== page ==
UVA Engineering Leader Earns National Recognition for Advancing Women in Engineering
A leader at the University of Virginia School of Engineering and Applied Science has earned a national award for her efforts to attract and support women in engineering.
Pamela Norris, the Frederick Tracy Morse Professor of Mechanical and Aerospace Engineering and executive associate dean for research, will accept the Society of Women Engineers’ Distinguished Engineering Educator Award at a ceremony in Philadelphia in October.
During her 22-year career at UVA, Norris has been a champion for engaging women in engineering, and is a co-principal investigator for UVA’s National Science Foundation ADVANCE Institutional Transformation Award grant aimed at increasing the participation and advancement of women faculty members in science and engineering.
She is among those responsible for making UVA Engineering the top public university in the country for the percentage of women pursuing engineering degrees, according to an analysis by The Washington Post.
She also is one of the most productive researchers and faculty members, by almost any measure, at UVA Engineering.
Since she became the first person in her family to attend college, she has founded two research laboratories, secured three patents (two more are pending) and drawn more than $25 million worth of research grants to UVA. She is a fellow of the American Society of Mechanical Engineers.
“Pam embodies our vision for the Engineering School,” said UVA Engineering Dean Craig Benson. “She is an extraordinarily accomplished researcher who is helping our faculty focus their efforts on interdisciplinary research that can truly make a difference in the world. At the same time, she is an outstanding mentor and role model for faculty and students. Her leadership is helping transform our school and our profession.”
On Thursday, Sept. 22, Norris also will receive the Elizabeth Zintl Leadership Award from UVA’s Maxine Platzer Lynn Women’s Center. The award, named for Elizabeth Zintl, an accomplished writer and journalist who served as chief of staff in UVA’s Office of the President, honors University women who exemplify the high degree of professionalism, creativity and commitment that characterized Zintl’s contributions to UVA.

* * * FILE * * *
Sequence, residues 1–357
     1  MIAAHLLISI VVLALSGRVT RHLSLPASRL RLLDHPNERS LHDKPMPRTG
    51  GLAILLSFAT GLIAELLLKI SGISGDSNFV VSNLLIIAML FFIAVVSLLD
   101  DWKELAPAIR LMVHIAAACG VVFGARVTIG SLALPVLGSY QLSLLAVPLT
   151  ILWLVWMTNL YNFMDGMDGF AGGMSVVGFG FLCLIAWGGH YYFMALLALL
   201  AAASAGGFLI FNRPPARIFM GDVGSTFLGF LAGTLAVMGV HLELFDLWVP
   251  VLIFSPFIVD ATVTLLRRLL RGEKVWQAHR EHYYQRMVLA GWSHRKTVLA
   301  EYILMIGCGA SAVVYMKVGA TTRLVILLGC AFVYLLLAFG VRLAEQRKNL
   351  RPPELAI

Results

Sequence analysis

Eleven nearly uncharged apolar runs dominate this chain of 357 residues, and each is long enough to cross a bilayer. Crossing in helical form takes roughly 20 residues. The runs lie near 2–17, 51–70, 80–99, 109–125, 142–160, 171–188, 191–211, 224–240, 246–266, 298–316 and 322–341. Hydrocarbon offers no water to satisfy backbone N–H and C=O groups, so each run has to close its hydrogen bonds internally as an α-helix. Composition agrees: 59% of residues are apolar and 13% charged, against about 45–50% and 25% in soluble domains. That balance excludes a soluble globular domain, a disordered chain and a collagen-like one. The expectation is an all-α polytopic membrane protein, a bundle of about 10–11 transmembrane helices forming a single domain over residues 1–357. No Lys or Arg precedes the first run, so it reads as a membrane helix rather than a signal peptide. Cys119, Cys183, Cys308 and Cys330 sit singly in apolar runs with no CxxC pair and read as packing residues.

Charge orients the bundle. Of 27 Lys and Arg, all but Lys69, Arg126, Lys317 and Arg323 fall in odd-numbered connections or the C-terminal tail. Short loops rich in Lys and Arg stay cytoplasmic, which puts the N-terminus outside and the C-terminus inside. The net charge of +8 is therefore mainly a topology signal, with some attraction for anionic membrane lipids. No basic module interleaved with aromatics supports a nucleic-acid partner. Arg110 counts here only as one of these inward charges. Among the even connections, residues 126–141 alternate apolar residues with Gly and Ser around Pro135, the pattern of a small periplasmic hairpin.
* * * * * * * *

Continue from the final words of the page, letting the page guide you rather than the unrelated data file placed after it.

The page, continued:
Norris is most proud, however, of her support for undergraduate students, graduate students and fellow faculty members. She has established mentorship programs for newer faculty members, and consistently advises among the highest number of students of any research group at UVA Engineering.
“What I like to do is help people succeed beyond what they think they are capable of doing,” she said. “I like to help remove barriers and open up opportunities for them.”
For this reason, Norris is being honored by the Society of Women Engineers.
The annual initiative aims to recognize the successes of society members and individuals who enhance the engineering profession through contributions to industry, education and the community.
“The individuals acknowledged in this year’s awards program have made a significant impact on their community as well as the engineering and technology community as a whole,” said Jessica Rannow, Society for Women Engineers president. “These leaders are who make it possible to remain a catalyst for change as we work together to empower women in STEM and close the gender gap in engineering.”
For more information about SWE, visit www.swe.org.